Downgrade From Python 3.7 to 3.6 on Windows, MacOS, and Linux

How To Downgrade Python From 3 7 To 3 6 Or Lower 1

Python is an extremely popular programming language used for a wide variety of applications. As new versions of Python are released, they introduce useful features and improvements. However, sometimes, you may need to downgrade to an older Python version for compatibility reasons.

Downgrading from Python 3.7 to 3.6 can be tricky but is entirely doable with the right approach. This comprehensive guide will cover several methods to downgrade Python on Windows, Linux, and Mac operating systems.

Downgrading Python from version 3.7 to 3.6 involves a few critical steps. For Windows, you can either install an older Python version alongside the existing one or use the pyenv version manager. MacOS users can choose between pyenv and virtualenv, while Linux offers options like installing from source, pyenv, or virtualenv. Each method has its pros and cons, but ultimately allows for effective version management and environment isolation

Why Downgrade Python?

There are a few key reasons why you may need to downgrade from Python 3.7 to 3.6:

  • You rely on a library or framework that is not yet compatible with Python 3.7
  • You need to replicate a production environment locally that runs on Python 3.6
  • You are working with legacy codebases that require Python 3.6 to function properly
  • You want to leverage specific features only present in Python 3.6

For any of these reasons, switching between Python versions is very useful.

Also read: Activating a Virtual Environment in Windows 10 Command Prompt

Setting Up for Python Downgrade

Before downgrading, it is highly recommended to create a virtual environment. Virtual environments allow you to encapsulate Python versions and package installations so they do not interfere with other projects.

Here is how to set up a virtual environment:

python3 -m venv my_venv
source my_venv/bin/activate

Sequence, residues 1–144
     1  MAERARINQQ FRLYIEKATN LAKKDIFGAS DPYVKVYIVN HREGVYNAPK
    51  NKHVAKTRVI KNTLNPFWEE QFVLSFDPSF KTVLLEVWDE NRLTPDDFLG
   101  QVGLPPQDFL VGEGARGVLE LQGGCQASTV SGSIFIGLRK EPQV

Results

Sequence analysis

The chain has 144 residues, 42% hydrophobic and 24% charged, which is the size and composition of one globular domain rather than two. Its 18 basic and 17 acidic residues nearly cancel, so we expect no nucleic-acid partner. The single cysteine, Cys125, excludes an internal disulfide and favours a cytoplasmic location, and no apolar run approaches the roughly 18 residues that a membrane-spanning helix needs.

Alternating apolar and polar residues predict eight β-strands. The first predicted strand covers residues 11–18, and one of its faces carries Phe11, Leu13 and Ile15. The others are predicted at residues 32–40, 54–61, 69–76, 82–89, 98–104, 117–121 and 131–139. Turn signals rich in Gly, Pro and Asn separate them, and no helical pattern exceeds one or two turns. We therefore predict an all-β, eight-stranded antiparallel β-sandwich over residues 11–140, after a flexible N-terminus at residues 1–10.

This will create an isolated Python environment called my_venv. We can now install packages here without affecting the system Python installation.

Let’s first check our starting Python version:

python --version
# Python 3.7.4

We are currently on Python 3.7.4. Our goal is to downgrade to 3.6.

Also read: 3 Approaches to Removing the Duplicate Words From a Text

Steps for Downgrading Python in Windows

There are a couple of good options for downgrading Python on Windows:

1. Install an Older Python Version

The simplest method is to install an older Python version separately alongside the existing installation.

  1. Download the Python 3.6 installer for Windows from
  2. Run the installer, being sure to check “Add Python to PATH”:
  1. Open a new terminal window and verify Python downgraded to 3.6:
python --version
# Python 3.6.8

We now have Python 3.6.8 available, isolated from the system Python 3.7. To switch back, close the terminal and reopen or run:

path %PATH%;
python --version # Python 3.7 again

2. Use pyenv Version Manager

pyenv is a useful tool for managing multiple Python versions.

To install on Windows:

# Install pyenv using pip
pip install pyenv-win 

# Set environment variables
pyenv init

# reload shell

Now we can install Python 3.6:

pyenv install 3.6.8